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Angela Tilby: Lambeth ’98’s gift to Living in Love and Faith

22 July 2022

Anglican World/Harriet Long

Archbishop Carey presides at the eucharist in Canterbury Cathedral at the 1998 Lambeth Conference

Archbishop Carey presides at the eucharist in Canterbury Cathedral at the 1998 Lambeth Conference

LAMBETH 1.10 is back on the agenda for Lambeth 2022 (News, 15 July). This was the famous resolution on marriage and same-sex relationships which was passed at Lambeth 1998, to much rejoicing from the global South and disquiet from liberal progressives.

This was the only Lambeth Conference I have ever attended. I was there in a media role, commissioned by the Anglican Consultative Council to make a video of the proceedings. It was a hot summer, like this one, and I was glad to have had the forethought to buy a small fridge, which was kept full of tonic and ice (the gin was kept elsewhere) to help chosen guests to recover at the end of the day, and shed themselves of some useful gossip and speculation.

My doughty production team, recruited from Westcott House ordinands, got wind of the fact that the Archbishop of Canterbury was trying to head off a conservative but relatively mild motion on human sexuality, prepared under the chairmanship of the Archbishop of York. Archbishop Carey had little sympathy at the time with homosexuality, and was, anyway, convinced that nothing other than a resounding restatement of tradition would be acceptable.

On the day of the debate, there were prayer meetings all over the Canterbury campus, an invasion of journalists, radio, and television, and colourful protests from the Lesbian and Gay Christian Movement. Richard Kirker went head to head with an African bishop who appeared to be trying to exorcise him. Liberal-minded Church of England bishops speculated that it might be good for their post-imperialist credentials to be seen “not to win” this particular debate.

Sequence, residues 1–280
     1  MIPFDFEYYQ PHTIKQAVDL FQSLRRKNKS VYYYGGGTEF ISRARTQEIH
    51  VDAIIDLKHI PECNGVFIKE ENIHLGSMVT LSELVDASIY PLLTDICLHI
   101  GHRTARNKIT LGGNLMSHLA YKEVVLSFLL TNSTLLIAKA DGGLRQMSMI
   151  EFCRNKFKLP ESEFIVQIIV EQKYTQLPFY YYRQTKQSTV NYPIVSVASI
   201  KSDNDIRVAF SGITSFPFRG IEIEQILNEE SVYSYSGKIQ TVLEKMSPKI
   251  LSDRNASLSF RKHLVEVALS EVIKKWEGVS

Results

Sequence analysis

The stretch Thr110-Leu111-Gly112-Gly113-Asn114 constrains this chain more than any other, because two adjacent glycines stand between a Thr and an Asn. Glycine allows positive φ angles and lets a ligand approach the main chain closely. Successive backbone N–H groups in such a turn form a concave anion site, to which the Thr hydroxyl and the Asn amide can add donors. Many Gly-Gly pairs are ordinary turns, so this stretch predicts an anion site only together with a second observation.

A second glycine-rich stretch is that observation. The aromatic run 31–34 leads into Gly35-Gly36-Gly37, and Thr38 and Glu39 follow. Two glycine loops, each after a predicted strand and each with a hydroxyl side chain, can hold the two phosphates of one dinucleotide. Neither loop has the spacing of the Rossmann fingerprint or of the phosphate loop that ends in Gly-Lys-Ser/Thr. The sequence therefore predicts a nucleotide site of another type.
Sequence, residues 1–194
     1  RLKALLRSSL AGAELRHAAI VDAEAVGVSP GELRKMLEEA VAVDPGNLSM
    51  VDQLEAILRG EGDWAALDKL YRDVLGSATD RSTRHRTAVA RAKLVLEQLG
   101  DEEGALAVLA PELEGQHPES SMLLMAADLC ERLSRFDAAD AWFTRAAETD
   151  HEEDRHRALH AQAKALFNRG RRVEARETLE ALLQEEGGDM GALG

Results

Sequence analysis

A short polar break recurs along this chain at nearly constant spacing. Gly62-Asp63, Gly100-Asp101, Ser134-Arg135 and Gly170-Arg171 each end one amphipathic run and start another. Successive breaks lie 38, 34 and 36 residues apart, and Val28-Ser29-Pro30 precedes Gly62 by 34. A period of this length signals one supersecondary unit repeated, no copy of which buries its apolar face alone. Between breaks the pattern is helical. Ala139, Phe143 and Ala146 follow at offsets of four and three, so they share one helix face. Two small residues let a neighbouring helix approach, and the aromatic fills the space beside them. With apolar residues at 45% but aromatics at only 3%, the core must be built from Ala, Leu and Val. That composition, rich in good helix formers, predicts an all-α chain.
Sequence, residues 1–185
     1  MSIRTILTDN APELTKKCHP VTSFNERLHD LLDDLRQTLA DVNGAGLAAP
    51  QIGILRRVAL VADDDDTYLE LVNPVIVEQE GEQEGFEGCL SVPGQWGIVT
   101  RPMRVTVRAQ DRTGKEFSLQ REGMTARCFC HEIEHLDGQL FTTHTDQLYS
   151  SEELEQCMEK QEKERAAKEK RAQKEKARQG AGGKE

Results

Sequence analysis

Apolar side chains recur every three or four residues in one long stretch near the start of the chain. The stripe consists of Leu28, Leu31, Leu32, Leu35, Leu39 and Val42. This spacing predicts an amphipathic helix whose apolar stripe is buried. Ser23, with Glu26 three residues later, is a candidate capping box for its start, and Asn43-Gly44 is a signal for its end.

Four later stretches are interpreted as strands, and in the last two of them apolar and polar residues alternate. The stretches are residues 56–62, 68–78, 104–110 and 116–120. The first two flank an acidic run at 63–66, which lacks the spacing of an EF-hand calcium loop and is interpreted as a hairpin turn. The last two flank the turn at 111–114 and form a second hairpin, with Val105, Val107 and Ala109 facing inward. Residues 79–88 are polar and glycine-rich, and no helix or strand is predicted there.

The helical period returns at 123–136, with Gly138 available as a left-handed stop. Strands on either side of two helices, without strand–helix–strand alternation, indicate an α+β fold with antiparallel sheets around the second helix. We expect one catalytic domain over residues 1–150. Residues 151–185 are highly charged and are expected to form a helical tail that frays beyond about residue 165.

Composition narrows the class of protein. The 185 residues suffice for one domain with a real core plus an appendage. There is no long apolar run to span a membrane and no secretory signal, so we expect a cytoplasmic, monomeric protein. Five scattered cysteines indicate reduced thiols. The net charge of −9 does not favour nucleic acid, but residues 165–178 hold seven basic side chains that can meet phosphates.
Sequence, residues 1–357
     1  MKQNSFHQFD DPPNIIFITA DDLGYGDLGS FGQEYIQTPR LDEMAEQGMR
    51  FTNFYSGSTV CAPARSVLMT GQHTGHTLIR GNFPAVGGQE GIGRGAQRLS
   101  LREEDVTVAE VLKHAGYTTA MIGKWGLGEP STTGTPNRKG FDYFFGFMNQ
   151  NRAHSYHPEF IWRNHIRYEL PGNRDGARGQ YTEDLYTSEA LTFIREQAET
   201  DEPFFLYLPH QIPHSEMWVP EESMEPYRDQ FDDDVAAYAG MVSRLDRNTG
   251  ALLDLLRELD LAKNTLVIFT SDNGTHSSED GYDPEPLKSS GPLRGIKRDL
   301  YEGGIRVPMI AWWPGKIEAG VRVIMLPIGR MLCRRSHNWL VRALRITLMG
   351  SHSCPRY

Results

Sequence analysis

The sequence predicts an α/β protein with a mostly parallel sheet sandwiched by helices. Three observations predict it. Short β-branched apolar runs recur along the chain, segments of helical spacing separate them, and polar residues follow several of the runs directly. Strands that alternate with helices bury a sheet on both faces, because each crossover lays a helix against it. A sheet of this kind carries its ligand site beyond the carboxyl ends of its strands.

We crowded into the debating chamber, where it very quickly became obvious that the conservative case would win. But there were amendments. Most were intended to reinforce the victory by further references to biblical standards.

But, in the middle of it all, a lone figure stood up and proposed an amendment that included the words: “We commit ourselves to listen to the experience of homosexual persons. . .”, and went on to emphasise the importance of pastoral care. This was Michael Bourke, the Bishop of Wolverhampton. It was clear from the atmosphere in the chamber that some thought even this was too much of a concession, but it got through. So great had been the victory of the conservatives over the progressives that most thought this small concession to be of no consequence.

I think that, in the long term, Bishop Bourke’s amendment has proved significant. After all, the whole Living in Love and Faith process is predicated on patient listening. You cannot easily “other” those to whom you listen. The issue is not solved, and perhaps never will be this side of heaven. But I am grateful for his intervention. It would have been so much easier to have sat tight and said nothing.

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